2.1)

**A point charge 'Q' is to be divided in two parts 'q' and '(Q - q)'. To have the maximum electrostatic repulsion between the two parts (when they are placed at certain distance from each other), 'Q' and 'q' must hold the relation:** A) q = Q/2

B) q = Q/3

C) q = 3Q/2

D) q = Q/4

The electrostatic repulsion between the two point charge q and (Q - q), as governed by Coulomb's law, will have a strength F = kq(Q - q)/r² where r is the seperation between them (and it is fixed).

For the magnitude of the Coulomb force to be maximum, dF/dq = 0.

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We know that neutrons are neutral particles i.e. they are chargeless. That's why two neutrons seperated by a certain distance will not interact electrostatically. However, though very weak, there will be a gravitational attraction between them by the virtue of their mass.

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Therefore,

**option A**is the right choice. You may further verify that d²F/dq² is negative which implies that the force is maximum at q = Q/2.
2.2)

**Two point charges repel each other with a force of 100 N. If one of the charges is increased by 10% and the other is decreased by 10%, the new electrostatic force of repulsion at the same separation would be** A) 100 N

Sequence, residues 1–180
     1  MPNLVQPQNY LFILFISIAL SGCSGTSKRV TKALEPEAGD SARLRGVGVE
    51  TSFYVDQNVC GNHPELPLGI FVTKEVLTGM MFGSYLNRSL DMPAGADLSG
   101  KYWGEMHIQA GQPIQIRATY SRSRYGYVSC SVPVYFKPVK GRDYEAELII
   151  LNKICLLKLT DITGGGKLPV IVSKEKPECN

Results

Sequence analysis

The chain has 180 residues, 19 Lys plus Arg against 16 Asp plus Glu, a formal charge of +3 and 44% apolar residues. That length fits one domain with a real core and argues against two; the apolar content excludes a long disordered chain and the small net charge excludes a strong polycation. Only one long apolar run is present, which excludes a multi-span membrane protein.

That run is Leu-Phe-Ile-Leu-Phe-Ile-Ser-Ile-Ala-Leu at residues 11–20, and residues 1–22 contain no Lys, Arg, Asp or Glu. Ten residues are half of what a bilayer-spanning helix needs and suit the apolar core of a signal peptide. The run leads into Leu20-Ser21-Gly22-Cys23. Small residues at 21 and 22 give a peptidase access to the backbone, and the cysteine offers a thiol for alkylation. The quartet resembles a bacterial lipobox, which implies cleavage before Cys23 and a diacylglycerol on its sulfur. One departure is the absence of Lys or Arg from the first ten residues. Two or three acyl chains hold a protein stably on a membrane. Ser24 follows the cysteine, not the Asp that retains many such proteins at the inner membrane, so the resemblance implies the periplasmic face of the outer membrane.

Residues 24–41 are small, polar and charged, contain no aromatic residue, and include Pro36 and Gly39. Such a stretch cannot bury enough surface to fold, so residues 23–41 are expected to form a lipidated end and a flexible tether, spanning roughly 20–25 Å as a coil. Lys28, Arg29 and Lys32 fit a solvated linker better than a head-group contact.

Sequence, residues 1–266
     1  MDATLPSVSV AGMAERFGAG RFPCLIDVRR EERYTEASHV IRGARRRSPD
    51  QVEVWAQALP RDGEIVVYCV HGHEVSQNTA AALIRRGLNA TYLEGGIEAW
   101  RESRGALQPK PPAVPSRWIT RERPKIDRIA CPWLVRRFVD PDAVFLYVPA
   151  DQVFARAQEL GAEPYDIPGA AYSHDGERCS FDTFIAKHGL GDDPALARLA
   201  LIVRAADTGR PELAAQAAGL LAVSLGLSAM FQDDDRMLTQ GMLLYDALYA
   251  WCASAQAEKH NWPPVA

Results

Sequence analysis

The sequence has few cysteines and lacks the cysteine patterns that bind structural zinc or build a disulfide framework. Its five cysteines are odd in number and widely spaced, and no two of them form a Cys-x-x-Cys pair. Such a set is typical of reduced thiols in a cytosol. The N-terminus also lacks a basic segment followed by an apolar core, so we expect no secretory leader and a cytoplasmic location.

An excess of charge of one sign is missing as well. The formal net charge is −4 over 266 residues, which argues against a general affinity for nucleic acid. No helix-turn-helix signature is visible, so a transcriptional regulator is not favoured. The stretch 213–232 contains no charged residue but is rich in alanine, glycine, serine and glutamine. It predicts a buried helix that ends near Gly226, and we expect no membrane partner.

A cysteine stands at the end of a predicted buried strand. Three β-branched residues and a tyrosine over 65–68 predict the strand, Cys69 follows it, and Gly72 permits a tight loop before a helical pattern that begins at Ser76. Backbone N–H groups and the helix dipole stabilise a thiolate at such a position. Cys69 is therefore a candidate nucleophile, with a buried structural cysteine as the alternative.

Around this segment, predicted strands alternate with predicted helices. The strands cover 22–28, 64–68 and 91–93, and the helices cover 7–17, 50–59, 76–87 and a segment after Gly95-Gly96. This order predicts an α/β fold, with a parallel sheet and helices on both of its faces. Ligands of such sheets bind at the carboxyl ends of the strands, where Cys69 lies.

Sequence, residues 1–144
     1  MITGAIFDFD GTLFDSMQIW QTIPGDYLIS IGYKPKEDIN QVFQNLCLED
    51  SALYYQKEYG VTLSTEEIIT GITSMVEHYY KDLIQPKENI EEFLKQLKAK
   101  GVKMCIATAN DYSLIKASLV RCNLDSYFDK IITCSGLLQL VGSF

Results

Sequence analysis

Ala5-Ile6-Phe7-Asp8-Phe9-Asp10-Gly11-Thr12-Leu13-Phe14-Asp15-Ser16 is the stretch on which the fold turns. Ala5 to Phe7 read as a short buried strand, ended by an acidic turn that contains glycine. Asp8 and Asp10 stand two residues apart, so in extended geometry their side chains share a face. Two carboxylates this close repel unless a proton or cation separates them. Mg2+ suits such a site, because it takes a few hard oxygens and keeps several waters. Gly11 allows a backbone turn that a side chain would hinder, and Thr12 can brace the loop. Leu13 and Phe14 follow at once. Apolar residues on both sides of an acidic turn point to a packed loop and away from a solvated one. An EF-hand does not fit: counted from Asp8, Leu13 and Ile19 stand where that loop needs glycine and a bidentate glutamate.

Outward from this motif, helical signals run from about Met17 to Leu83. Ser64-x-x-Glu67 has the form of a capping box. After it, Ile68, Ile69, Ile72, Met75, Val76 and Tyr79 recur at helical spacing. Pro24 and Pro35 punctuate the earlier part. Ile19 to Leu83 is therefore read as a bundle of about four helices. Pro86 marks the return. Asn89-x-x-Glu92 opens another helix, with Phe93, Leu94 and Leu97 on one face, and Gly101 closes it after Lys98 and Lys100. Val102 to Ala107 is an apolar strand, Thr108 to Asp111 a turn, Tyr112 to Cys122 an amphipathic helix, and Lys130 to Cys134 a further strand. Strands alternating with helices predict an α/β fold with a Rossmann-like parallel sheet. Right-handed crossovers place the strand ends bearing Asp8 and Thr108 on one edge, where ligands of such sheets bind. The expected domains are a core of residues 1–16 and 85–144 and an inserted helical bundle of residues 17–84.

B) 121 N

C) 99 N

D) none of these

Let there be two point charges +Q and +q repelling each other with a force of 100 N, when kept at a distance 'r' from each other. By Coulomb's law, kQq/r² = 100. Let's assign it as equation number 1.

When Q is increased by 10% and q is decreased by 10%, the new electrostatic force is F' = kQ'q'/r² = k(Q+0.1Q)(q-0.1q)/r².

∴ The new electrostatic force of repulsion is 99N. Option C is the correct choice.

2.3)

**Two neutrons are kept at some distance from each other. They will** A) attract each other

B) repel each other

C) neither attract nor repel

D) cannot say

We know that neutrons are neutral particles i.e. they are chargeless. That's why two neutrons seperated by a certain distance will not interact electrostatically. However, though very weak, there will be a gravitational attraction between them by the virtue of their mass.

2.4)

**A negatively charged particle of mass m and charge -q starts moving around a fixed charge +Q in a circle of radius R. The time period of revolution T of the charge -q is given by** A) T = (8Ï€³Îµᤱmr³/Qq)⁰·⁵

B) T = (16Ï€³Îµᤱmr³/Qq)⁰·⁵

C) T = (24Ï€³Îµᤱmr³/Qq)⁰·⁵

D) None of these

The charged particle -q goes in a circular path of radius R around the fixed, positive charge +Q. The necessary centripetal force required to keep that particle in circular motion is provided by the electrostatic attraction between the two unlike charges.

Also, as the seperation between the two charges is fixed (equal to r), the Coulomb force between them will be constant in magnitude. So the resulting circular motion will be a UCM (uniform circular motion). We have to obtain the period of this uniform circular motion. If the angular velocity is Ï‰ then,